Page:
Is there scope for MVNOs?

Vir­gin’s fail­ure to make big splash casts doubts on vi­a­bil­ity

Finweek English Edition - - Communication & technology - CHIMWEMWE MWANZA

THE MO­BILE VIR­TUAL Net­work Op­er­a­tor (MVNO) busi­ness world­wide has ex­pe­ri­enced a tur­bu­lent past two years. (MVNOs don’t own their own phys­i­cal net­work but buy ac­cess on ex­ist­ing net­works, on which they sell ser­vices such as voice and data.)

Un­til re­cently the in­dus­try had been ex­pe­ri­enc­ing an ex­plo­sion of launches, with new en­trants emerg­ing on an al­most monthly ba­sis and the Scan­di­na­vian mar­ket prov­ing par­tic­u­larly re­cep­tive to the con­cept.

Though MVNOs such as Easy Mo­bile and Vir­gin Mo­bile in Bri­tain may well have had a con­sid­er­able im­pact in driv­ing down com­mu­ni­ca­tions costs and in­creas­ing com­pe­ti­tion, of late the propo­si­tion seem to have lost some of its lus­tre if the re­cent marked de­crease in launches is any­thing to go by.

Volatile mar­ket con­di­tions re­cently prompted Vir­gin Mo­bile to shut its ser­vice in Sin­ga­pore, fur­ther cast­ing doubt on the con­tin­ued vi­a­bil­ity of this busi­ness model.

In SA, Vir­gin Mo­bile SA (VMSA) has failed to de­liver in the nine months since its launch ei­ther the rad­i­cal mar­ket shakeup or the true com­pe­ti­tion promised by founder Richard Bran­son. Due to reg­u­la­tory con­straints Vir­gin Mo­bile in SA op­er­ates in the guise of an en­hanced ser­vice provider in con­junc­tion with Cell C, but is to all ef­fects and pur­poses an MVNO.

Africa Anal­y­sis’s An­dré Wills cau­tions against draw­ing con­clu­sions from the poor per­for­mance of Vir­gin in SA and Sin­ga­pore and ap­ply­ing them to the MVNO busi­ness model as a whole. “From a South African per­spec­tive I share the frus­tra­tions of con­sumers, be­cause VMSA hasn’t had any ma­te­rial ef­fect on the tar­iff struc­ture.

“They promised big when they launched and SA con­sumers – weary of be­ing fleeced by ex­ist­ing op­er­a­tors – were given hope that the new en­trant would be­come a vi­able al­ter­na­tive to the costly ser­vices of­fered by Vo­da­com and MTN.” How­ever, that didn’t hap­pen.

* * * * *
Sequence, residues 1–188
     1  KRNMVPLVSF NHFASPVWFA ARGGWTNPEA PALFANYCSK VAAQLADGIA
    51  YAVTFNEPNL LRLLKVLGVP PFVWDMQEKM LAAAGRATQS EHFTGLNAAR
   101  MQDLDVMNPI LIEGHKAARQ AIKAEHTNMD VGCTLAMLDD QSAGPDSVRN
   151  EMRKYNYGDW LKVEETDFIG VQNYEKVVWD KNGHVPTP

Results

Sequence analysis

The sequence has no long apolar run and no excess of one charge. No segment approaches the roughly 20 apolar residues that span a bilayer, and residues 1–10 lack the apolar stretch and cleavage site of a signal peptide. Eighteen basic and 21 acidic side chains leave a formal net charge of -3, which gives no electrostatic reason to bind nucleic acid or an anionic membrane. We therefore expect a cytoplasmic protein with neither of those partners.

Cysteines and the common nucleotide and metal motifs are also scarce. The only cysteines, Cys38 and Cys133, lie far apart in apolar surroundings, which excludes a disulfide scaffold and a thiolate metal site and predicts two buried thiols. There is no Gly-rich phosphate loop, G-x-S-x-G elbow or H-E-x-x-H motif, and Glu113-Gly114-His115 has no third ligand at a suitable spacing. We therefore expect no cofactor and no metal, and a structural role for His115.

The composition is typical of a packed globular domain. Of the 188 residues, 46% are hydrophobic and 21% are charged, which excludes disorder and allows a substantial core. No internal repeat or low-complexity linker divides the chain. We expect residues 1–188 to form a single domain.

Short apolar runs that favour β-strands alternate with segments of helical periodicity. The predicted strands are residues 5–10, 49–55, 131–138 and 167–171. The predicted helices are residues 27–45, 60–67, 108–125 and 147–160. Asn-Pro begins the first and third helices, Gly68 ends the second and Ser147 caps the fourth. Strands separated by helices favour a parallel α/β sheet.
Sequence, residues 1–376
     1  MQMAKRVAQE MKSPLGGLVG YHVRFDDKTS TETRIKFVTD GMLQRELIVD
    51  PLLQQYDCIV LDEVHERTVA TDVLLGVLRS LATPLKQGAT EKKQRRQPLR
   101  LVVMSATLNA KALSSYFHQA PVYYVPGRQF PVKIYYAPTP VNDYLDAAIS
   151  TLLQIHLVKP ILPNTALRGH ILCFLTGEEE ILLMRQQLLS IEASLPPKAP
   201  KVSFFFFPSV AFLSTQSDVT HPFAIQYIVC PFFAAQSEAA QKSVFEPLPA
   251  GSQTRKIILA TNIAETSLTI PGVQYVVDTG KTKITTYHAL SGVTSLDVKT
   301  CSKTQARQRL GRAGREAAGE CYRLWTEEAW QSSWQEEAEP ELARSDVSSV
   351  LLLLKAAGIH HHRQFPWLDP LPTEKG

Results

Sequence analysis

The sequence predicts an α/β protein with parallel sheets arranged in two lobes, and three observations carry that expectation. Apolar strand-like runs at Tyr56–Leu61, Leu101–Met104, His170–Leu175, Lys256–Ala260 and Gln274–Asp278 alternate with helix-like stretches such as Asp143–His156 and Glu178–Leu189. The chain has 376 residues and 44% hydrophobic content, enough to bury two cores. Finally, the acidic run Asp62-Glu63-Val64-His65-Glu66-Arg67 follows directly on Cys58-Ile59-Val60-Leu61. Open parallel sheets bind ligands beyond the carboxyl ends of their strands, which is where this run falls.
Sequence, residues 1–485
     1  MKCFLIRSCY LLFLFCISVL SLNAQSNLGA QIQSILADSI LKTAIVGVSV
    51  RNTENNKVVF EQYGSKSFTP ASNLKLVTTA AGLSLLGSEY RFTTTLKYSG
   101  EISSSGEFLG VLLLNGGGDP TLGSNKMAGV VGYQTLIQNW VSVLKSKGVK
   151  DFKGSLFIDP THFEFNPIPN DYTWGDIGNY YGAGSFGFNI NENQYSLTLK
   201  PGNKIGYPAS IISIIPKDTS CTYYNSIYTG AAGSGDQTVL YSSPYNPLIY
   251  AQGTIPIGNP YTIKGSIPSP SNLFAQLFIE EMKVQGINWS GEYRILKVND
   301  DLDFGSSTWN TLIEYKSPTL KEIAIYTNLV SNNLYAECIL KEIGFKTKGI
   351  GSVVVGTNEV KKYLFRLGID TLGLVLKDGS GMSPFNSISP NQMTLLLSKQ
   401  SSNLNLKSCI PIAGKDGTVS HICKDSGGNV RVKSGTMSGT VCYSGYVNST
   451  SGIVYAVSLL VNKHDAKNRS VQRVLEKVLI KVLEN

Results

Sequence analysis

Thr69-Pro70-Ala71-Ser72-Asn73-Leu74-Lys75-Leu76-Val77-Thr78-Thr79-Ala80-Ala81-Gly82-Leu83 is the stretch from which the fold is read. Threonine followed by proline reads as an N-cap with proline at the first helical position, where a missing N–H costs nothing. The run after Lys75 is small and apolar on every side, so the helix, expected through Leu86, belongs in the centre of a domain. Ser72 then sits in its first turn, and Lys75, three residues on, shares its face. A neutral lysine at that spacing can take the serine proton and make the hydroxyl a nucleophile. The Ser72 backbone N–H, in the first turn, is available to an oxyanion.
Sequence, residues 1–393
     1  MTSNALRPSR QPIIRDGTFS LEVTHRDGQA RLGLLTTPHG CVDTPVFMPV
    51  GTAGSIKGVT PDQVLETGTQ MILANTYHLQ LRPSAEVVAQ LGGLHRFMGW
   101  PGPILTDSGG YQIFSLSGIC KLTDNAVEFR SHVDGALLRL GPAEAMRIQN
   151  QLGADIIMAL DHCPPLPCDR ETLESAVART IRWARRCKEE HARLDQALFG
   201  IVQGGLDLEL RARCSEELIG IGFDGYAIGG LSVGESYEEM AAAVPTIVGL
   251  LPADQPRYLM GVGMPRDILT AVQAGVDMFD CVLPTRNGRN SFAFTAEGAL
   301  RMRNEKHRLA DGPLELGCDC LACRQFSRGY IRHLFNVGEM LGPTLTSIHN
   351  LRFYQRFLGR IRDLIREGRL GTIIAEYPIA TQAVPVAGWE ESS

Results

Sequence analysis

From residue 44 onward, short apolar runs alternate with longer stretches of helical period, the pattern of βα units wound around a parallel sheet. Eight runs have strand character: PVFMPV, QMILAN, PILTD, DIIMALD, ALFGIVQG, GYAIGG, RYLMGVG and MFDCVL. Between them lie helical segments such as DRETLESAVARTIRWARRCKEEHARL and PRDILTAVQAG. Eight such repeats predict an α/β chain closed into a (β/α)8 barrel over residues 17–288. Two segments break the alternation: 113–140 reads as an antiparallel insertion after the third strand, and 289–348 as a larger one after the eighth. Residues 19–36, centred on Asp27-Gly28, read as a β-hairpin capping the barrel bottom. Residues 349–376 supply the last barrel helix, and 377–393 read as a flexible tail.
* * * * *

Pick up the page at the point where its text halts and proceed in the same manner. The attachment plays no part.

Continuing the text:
Peter Boyd, re­cently ap­pointed CE of VMSA, is quick to de­fend the com­pany’s busi­ness model. “Within this con­text it’s per­haps bet­ter to de­scribe the MVNO op­por­tu­nity not in terms of suc­cess or fail­ure but rather as an on­go­ing evo­lu­tion. The eco­nomic im­pact of our pres­ence will be felt in due course and it’s pre­ma­ture to sug­gest that we’ve failed to make any mean­ing­ful im­pact on the lo­cal mar­ket.”

Al­though he wouldn’t be drawn on rev­enue or sub­scriber fig­ures, Boyd said the com­pany was well within its set in­ter­nal tar­gets. “Which­ever way one looks at it, there’s scope world­wide – and par­tic­u­larly in SA – for the con­tin­ued ex­is­tence of MVNOs.”

De­spite VMSA’s per­ceived fail­ure, Wills ar­gues that the core busi­ness model hasn’t only worked in Scan­di­navia but has also played a part in re­duc­ing com­mu­ni­ca­tions costs in those coun­tries.

Says Wills: “The chal­lenge in SA was that the model was in­tro­duced at a time when the mar­ket was al­most sat­u­rated by the likes of Vo­da­com and MTN. Had VMSA put in place a sound strat­egy that took that into ac­count be­fore launch­ing it could have gained con­sid­er­able mar­ket share. Part of the rea­son for the early pop­u­lar­ity of MVNOs in West­ern Europe and Scan­di­navia was their launch of dis­count voice-ori­en­tated ser­vices.

“VMSA’s strat­egy was flawed be­cause they’re a one-flavour kind of ser­vice provider. They’d been pin­ning their hopes on lever­ag­ing the Vir­gin brand, im­prov­ing cus­tomer ser­vices and sub­tle pric­ing dif­fer­ences. All those ar­eas were well cov­ered by the com­pe­ti­tion, which go to great lengths to pro­tect their mar­ket share. In SA, both Vo­da­com and MTN are much big­ger brands than Vir­gin and that’s some­thing that didn’t ap­pear to be fac­tored into Vir­gin’s think­ing.”

Con­cur­ring with Wills that the MVNO mar­ket shouldn’t be judged on the SA ex­pe­ri­ence, World Wide Worx’s Arthur Gold­stuck says that poor brand vis­i­bil­ity on the part of VMSA has been its un­do­ing. “VMSA has got to en­hance its mar­ket­ing and ad­ver­tis­ing cam­paign and also im­prove its dis­tri­bu­tion chan­nels. Whereas the Vo­da­com and MTN brand is ubiq­ui­tous, the VMSA brand is nowhere to be seen.”

Once the reg­u­la­tions al­low the cre­ation of a true MVNO in the SA mar­ket, the door may be open to other play­ers to suc­ceed where Vir­gin has thus far failed. How­ever, it will re­quire a strong hand on the part of Icasa and a will­ing­ness by the in­cum­bent op­er­a­tors to of­fer real whole­sale rates to the new en­trants be­fore the pub­lic will ben­e­fit from the true value of the MVNO model.

Don’t judge MVNO model on SA’s ex­pe­ri­ence. An­dré Wills

VMSA’s pos­i­tive im­pact will be felt in due course. Peter Boyd

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